Recently, my son sent another Jefferson Bethke video called "What does it mean to be truly human." You may read the words below or check it out on youtube. These words describe the problem of pride and our need to lay it down.
I know we just met, and you’ve been watching this video for all of two seconds now, but I have a serious and personal question I want to ask you. What’s that one thing in your life that no one knows about it? What’s that particular area in your heart that you spend almost all your energy trying to hide? When I ask myself that question, a big thing that comes to my mind is my struggle with loneliness or I try to hide those days when I really don’t feel inclined to follow Jesus because, while I make videos that tell other people about following Jesus, so that’s not okay.
Or a big thing I don’t like people knowing is that sometimes, I stay up all night terrified that I’m going to be a failure at being a husband or a father. See we all live behind these propped up versions of ourselves masking the shame, putting band aids on the guilt or trying to suffocate the temptations all by ourselves. The problem though is, we weren’t created to do it all by ourselves.
To be truly human is to be truly known and someone who hides can’t be known. We are created to need each other, to be honest with each other, to encourage each other and to love each other, and that only happens when we’re open with each other.
I mean, think about it. The paradox of the American culture is we’re more connected than we’ve ever been; only in 2013 can we tell what all our friends had for lunch that day, all across the world, but we are also the most disconnected, the most fragmented, splintered, corrupt and [edited] people in history.
Liking someone else’s status that talks about us needing to be open and honest with each other doesn’t count as us being open and honest with each other. See, in C. S. Lewis’s famous novel “The Great Divorce”, he paints a very unique picture of hell being a place where every person lives in complete isolation thousands of miles away from the nearest neighboring individual, and the caveat is they chose it to be that way.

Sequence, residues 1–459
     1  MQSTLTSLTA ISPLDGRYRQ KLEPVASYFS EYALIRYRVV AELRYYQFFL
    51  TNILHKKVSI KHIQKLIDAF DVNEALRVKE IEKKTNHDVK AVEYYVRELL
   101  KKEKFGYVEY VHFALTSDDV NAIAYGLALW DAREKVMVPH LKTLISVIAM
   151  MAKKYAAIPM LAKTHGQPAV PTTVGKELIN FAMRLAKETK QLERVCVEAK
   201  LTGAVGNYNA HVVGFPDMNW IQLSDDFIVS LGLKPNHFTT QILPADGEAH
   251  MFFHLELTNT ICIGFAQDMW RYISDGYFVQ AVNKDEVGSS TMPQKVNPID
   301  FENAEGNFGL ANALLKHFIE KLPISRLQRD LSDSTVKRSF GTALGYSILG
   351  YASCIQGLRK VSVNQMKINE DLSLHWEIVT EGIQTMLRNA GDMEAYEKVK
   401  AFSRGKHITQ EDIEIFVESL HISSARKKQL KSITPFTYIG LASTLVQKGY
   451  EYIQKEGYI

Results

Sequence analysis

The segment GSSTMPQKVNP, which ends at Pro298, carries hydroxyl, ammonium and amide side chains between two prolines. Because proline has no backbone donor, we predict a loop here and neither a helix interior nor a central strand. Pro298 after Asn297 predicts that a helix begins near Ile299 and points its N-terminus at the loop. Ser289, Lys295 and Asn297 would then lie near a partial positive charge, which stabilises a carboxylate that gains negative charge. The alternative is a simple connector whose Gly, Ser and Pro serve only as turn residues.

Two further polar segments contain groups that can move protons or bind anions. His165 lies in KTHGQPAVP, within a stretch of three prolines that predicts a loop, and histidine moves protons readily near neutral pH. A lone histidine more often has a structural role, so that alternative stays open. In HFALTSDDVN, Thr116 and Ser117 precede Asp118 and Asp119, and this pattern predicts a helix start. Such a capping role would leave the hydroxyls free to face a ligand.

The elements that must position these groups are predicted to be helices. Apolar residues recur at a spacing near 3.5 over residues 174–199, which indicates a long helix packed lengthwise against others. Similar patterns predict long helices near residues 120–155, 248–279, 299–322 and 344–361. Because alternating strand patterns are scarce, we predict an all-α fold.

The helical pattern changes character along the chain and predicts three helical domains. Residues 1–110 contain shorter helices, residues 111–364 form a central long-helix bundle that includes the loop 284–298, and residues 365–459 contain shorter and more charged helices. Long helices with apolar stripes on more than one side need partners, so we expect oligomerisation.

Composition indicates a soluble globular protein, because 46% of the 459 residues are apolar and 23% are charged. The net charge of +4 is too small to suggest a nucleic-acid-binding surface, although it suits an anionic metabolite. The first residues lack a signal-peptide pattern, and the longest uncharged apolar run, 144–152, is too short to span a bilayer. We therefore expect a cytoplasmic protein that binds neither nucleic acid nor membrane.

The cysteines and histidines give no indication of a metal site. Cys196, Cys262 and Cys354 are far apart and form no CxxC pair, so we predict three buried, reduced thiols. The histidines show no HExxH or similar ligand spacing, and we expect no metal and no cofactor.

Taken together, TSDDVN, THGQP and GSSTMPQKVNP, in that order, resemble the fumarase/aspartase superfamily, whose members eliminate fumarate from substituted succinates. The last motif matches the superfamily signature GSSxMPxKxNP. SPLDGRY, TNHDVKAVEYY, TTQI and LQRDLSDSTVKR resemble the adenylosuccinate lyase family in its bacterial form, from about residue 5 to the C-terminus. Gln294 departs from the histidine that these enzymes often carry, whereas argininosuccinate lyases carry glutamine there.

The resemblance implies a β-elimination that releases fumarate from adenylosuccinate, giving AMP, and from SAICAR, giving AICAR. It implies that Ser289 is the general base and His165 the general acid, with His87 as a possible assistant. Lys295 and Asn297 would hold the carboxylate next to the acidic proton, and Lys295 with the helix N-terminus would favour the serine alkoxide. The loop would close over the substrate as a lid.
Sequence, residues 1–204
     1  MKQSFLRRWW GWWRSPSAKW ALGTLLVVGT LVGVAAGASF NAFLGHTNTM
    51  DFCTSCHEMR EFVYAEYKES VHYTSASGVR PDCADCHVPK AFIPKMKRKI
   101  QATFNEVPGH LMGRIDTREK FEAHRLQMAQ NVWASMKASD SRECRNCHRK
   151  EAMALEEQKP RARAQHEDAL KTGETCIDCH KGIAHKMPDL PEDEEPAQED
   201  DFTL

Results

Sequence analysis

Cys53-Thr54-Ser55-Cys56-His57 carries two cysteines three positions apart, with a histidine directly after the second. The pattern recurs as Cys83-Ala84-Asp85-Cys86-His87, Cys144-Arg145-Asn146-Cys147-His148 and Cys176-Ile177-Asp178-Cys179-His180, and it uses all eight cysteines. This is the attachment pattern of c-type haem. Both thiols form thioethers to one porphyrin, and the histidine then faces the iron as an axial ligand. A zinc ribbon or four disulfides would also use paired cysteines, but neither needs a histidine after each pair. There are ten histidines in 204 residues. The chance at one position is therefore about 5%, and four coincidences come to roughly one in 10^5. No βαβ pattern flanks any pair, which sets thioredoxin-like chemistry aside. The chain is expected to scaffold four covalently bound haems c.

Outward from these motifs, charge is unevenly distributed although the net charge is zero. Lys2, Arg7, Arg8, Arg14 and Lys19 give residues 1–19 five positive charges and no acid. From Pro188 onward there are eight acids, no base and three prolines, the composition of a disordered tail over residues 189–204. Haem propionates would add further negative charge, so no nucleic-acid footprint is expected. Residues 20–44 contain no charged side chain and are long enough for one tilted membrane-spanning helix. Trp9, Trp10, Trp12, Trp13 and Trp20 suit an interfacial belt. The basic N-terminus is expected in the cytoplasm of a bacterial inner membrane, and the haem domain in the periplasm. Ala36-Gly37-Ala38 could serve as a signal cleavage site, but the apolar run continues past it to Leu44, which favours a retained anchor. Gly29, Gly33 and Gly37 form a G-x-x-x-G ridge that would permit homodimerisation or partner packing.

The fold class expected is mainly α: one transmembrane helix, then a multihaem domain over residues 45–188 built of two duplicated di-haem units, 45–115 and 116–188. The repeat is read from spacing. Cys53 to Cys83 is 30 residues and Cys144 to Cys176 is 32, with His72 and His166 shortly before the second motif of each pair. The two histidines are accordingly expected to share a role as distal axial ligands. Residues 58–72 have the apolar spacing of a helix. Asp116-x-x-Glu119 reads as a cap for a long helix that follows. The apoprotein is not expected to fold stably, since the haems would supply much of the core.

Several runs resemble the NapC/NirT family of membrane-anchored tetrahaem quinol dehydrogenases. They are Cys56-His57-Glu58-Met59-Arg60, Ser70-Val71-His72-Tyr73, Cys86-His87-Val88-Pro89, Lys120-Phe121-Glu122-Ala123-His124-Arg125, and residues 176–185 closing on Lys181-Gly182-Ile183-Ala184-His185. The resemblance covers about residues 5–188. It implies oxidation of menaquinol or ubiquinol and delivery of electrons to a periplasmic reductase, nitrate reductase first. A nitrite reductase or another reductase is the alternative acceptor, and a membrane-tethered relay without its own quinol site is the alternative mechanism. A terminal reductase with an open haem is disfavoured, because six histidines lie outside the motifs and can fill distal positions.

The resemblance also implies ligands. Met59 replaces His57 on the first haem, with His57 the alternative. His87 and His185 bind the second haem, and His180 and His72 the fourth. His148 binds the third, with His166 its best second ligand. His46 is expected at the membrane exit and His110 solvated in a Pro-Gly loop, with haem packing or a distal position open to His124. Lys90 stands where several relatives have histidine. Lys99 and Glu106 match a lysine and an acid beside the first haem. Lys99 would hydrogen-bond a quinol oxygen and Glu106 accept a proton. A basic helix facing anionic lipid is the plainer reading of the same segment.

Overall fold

That’s an awfully interesting look at hell, don’t you think? Living in isolation on an island with no community or vulnerability with anyone else’s stripping ourselves of our humanity. Why because we are created in the image of God, and God is a community. The Father, the Son, the Spirit are acting as one, serving one another completely dependent on one another, and to be truly human is to do the same.
And yes, I know what you are thinking. It’s scary to be honest. It’s scary to be open. In fact, some times the person on the other side will reject us. They will hurt us, or they’ll make us want to crawl back into our isolated cave. But joy is at staking, it only happens when we let the guard down. See me; I’d rather take the messiness of community, and possible joy than the cleanliness of isolation, in sure despair. Because if you want to know the true depths of joy, and the true reality of love, then you have to be honest, open and transparent.
Again, C. S. Lewis said it best, and I’ll end with this, he said “To love at all is to be vulnerable. Love anything, and your heart will be wrung and possibly broken. If you want to make sure of keeping it intact, then you must give it to no one, not even an animal. Wrap it carefully round with hobbies and little luxuries; avoid all entanglements; lock it up safe in the casket or coffin of your own selfishness. But in that casket safe, dark, motionless and airless, it will change. It won’t be broken; but it will become unbreakable, impenetrable and irredeemable.” Because to love is to be vulnerable.
Hey guys, hope that video was an encouragement to you. A lot of you have asked in the comments and in emails to kind of provide further resources with my videos, and so we though with this particularly, we’ll start doing that. And the two things I can think of that can kind of push you deeper on this one is, one is get in some type of community or church or gathering together where you are honest and open, you have to do that and you have to be proactive not reactive.
And then, secondly, if you want to personally study or read about this topic, a book that inspired this video entirely is a book call Open by Craig Groeschel. It kind of talks about how to navigate something like this, and so you can read that personally or you can read that in a group which is a great way to do that as well.
So that’s all I can think of for now, and I hope it’s an encouragement. Love you guys.
[Jefferson Bethke] Source: LYBIO.net